But Charles was re-assured that Catherine had no interest in meddling in government, nor in attempting to influence him. She indicated that their children would be raised as Protestants and that she had no issue with marrying him publicly in a Protestant ceremony. As a concession to her faith, they were married first in a private Catholic ceremony, but as the Earl of Clarendon (Anne Hyde’s father), who played a prominent role in negotiating the marriage, told Charles: “She will do that [which] is necessary for herself and her children.”
As stated, Charles was experienced with women and, as king of England, he had access to the most famous beauties of the countries – access that he took advantage of frequently. Catherine, by several accounts, was no beauty, though part of that may have been due to English fashion at the time. Most of Charles’s mistresses were tall, shapely and pale. Catherine was small, “swarthy” and doll-like.
Charles, however, announced himself well-pleased with her, though acknowledged she wasn’t classically beautiful. He noted she had pleasant eyes and was “good.” This goodness, if you will, would lend itself a mostly successful relationship between the two as Charles grew to respect her, if not love her in his own way.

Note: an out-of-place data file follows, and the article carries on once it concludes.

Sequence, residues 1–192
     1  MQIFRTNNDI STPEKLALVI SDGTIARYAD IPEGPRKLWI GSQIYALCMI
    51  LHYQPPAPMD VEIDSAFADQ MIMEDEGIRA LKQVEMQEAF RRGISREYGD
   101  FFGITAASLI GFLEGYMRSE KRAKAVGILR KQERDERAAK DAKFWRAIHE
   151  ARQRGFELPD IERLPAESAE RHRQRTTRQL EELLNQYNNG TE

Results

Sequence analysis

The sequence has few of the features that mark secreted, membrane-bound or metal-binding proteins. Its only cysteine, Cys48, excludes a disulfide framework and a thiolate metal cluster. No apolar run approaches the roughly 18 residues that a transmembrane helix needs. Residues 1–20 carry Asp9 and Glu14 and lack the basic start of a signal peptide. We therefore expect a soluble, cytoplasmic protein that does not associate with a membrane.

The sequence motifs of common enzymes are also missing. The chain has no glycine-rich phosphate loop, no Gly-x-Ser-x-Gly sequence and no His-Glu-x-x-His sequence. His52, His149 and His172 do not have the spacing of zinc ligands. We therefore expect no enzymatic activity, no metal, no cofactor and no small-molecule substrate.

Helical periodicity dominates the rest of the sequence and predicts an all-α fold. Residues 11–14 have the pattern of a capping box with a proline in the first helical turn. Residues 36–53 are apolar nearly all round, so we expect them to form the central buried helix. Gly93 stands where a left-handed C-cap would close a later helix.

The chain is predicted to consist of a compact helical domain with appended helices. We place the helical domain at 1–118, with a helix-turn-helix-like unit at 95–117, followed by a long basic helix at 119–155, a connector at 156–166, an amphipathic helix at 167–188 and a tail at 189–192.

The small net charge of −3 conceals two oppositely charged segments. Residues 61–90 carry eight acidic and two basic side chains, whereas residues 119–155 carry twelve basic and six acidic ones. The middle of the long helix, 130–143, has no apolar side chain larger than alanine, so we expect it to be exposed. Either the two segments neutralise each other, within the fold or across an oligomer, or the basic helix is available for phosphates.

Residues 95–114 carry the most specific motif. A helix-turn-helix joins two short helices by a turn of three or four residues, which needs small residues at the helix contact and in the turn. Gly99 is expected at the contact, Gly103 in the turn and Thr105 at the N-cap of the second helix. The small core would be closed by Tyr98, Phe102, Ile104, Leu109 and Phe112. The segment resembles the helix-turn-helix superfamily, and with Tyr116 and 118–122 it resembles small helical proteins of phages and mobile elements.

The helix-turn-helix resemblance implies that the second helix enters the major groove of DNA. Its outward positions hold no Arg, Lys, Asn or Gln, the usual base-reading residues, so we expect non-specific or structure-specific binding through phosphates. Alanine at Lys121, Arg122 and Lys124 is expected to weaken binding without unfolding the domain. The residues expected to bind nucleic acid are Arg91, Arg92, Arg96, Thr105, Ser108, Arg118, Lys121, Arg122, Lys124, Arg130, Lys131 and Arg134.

Her convent-bound childhood led to a very sheltered young woman arriving at her husband’s court. She had, however, been warned of Charles’s extracurricular activities, particularly his mistress du jour, Barbara Palmer, Countess of Castlemaine (and later Duchess of Cleveland). For her part, Barbara was less than pleased by the arrival of Catherine and perhaps for good reason given that she was pregnant with her second child by Charles at the time.